From the Publisher
Ä¢ By the award-winning author/illustrator of best-seller Storm BoyÄ¢ Includes a section on traditional story motifs of the Pacific Northwest coast native peoples"A suspenseful original tale.... Lewis's precise, distinctive brushwork echoes the highly stylized Native American totems and masks, and his use of color is arresting." -Publishers Weekly
Publishers Weekly - Publisher's Weekly
This original tale, based on Pacific Northwest myth, in which frogs are being abducted from a local lake, "will be welcomed by fans of folklore and Native American literature," wrote PW. Ages 5-7. (Mar.) Copyright 2001 Cahners Business Information.
Children's Literature - Joan Carris
Using mythic elements common to Northwest Coast lore, Lewis has created a story with a Haida chief's daughter as heroine. Called "Sister" by a lone frog survivor, she follows this frog to its underwater kingdom where she meets Volcano Woman, disguised as the grandmother of all the missing frogs. Impressed by what she has seen, Frog Girl rescues the captured frogs and tells her fellow villagers, "They're our sisters and brothers. We should treat them so." The spare, eloquent text combine with powerful illustrations to make the point that we share this earth with others whom we owe both courtesy and respect. 1999 (orig.
School Library Journal
Gr 1-4--As in Storm Boy (Beyond Words, 1995), Lewis tells an original tale based on elements of the mythology of Native peoples of the Pacific Northwest. A chief's daughter spots two boys trapping frogs near a lake. One frog, who is overlooked, takes her to a deserted village beneath the lake. There, the frog (now a girl) introduces her to Grandmother, who mourns the disappearance of her children and whose sadness causes a volcano to erupt. The girl returns to her home, frees the captives, and saves her village. Extensive background notes explain how authentic folklore motifs are woven into the story and artwork. For the most part, the story can stand alone, with the illustrations playing a large part in the narrative. Without the notes, though, readers may not know that the grandmother is not only Frog Woman, but also Volcano Woman. Still, the molten lava that flows in her great house and the way her grief somehow sets off the eruption convey the sense of the connection, if not the details. The matriarch's face is never shown, adding to the mysterious atmosphere. The artwork is splendid. Vivid green frog images adorn totem poles in the underwater world, injecting a sense of wonder into the magical journey beneath the lake. The bold, well-designed pages will carry well in a group setting, and the language is simple and spare, well suited for reading aloud.--Steven Engelfried, West Linn Public Library, OR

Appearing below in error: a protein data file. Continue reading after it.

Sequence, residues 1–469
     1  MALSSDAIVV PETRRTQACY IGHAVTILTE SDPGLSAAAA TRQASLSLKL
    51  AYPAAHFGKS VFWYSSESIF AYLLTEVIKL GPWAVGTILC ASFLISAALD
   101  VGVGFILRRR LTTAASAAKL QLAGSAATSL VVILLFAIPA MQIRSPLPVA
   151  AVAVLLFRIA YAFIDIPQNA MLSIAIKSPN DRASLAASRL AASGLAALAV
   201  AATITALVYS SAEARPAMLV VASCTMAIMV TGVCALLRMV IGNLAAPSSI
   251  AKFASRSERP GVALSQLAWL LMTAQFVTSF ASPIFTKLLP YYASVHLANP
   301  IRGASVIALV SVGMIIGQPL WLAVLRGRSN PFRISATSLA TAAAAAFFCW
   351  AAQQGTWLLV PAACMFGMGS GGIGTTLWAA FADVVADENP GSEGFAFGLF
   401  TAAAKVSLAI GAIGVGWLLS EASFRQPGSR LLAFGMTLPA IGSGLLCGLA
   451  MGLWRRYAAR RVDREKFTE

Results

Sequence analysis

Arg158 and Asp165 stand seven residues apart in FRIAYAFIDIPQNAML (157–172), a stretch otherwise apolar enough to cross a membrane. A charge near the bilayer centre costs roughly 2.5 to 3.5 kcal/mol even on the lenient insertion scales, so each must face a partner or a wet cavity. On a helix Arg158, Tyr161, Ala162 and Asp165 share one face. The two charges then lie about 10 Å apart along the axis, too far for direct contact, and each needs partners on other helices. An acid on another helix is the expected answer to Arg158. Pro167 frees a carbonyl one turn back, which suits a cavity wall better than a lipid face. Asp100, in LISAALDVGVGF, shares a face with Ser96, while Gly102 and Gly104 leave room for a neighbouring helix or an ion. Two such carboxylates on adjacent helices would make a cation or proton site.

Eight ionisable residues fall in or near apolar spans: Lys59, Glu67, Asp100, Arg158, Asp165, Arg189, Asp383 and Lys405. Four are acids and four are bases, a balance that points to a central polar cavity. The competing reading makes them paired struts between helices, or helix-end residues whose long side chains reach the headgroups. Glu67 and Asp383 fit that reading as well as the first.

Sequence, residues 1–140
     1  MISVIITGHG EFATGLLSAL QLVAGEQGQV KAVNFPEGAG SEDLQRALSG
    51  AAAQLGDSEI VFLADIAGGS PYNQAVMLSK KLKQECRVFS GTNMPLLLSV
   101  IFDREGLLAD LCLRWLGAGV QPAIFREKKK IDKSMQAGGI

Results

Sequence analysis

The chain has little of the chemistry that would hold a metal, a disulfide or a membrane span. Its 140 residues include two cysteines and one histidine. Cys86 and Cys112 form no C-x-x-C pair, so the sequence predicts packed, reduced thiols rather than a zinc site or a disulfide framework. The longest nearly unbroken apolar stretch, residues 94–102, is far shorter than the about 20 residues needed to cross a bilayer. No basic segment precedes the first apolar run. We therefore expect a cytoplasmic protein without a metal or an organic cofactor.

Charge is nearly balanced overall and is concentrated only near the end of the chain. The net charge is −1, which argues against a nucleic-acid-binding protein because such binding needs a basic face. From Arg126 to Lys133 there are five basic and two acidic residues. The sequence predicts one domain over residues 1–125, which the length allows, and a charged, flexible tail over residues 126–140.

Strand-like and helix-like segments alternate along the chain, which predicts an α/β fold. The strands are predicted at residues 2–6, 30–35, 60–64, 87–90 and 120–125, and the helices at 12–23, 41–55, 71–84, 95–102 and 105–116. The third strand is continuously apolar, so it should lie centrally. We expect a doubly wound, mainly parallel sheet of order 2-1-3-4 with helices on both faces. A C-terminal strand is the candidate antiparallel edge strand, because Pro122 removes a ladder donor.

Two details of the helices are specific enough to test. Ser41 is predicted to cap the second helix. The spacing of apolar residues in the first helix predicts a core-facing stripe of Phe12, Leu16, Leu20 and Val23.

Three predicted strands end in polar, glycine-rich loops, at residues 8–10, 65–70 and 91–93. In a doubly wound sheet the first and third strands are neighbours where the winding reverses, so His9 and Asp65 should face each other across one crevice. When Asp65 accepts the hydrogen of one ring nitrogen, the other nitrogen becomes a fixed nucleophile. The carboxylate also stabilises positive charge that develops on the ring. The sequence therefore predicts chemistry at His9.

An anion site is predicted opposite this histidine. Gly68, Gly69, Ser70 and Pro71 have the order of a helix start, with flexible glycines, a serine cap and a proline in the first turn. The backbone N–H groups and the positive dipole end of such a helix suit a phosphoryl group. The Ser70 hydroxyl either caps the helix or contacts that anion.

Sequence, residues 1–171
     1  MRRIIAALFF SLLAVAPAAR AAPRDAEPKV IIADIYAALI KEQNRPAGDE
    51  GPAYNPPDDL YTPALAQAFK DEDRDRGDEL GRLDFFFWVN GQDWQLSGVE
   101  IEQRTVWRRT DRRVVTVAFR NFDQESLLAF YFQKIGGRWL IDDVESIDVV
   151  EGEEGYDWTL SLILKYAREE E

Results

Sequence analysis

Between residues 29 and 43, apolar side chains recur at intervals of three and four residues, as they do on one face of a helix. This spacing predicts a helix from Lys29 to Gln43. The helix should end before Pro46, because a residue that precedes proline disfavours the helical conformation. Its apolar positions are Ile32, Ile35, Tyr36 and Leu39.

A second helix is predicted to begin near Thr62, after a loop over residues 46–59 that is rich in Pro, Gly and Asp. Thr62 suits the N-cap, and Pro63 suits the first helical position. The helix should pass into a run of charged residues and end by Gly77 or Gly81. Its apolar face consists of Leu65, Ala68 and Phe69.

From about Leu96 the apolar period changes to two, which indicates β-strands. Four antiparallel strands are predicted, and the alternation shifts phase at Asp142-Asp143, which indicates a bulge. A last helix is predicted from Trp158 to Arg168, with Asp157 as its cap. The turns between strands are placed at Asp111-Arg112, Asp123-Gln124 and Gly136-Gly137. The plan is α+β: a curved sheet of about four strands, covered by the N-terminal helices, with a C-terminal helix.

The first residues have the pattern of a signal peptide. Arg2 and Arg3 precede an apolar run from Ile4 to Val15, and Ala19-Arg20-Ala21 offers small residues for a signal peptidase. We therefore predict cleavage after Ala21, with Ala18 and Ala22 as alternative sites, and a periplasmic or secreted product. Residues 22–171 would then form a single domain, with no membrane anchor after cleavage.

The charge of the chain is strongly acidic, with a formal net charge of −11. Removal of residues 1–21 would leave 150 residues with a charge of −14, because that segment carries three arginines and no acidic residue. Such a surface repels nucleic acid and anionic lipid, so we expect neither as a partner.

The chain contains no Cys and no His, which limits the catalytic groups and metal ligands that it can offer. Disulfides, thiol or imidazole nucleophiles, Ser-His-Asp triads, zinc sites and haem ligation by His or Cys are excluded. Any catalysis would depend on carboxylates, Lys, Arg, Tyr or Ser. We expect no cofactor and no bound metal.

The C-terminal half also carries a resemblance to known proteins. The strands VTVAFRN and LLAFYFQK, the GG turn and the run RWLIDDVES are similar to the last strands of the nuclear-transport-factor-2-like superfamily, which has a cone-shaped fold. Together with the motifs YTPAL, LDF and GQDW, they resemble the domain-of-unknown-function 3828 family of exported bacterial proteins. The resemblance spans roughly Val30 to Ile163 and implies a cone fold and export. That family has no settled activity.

Based on the traditions of the Northwest Pacific native people, this engrossing tale warns of the consequences of man manipulating nature.
When a young girl travels magically to the underworld of the frogs, she is warned by "Grandmother" that an impending volcano is the consequence of the girl's people stealing frogs from the lake. The girl returns, in the nick of time, to rescue her people from the lava and discovers the frogs that boys in her village have stolen. When she sets them free, Grandmother is appeased, and rain squelches the volcano's fire. The illustrations set the tone of this book: Deep greens, rich maroons, and dark grays, along with the looming faces of the totems, create a seriousness and a sense of foreboding. An afterword provides information about the folklore on which the story is based, and mythic motives within the tale. It's exquisite and resonant.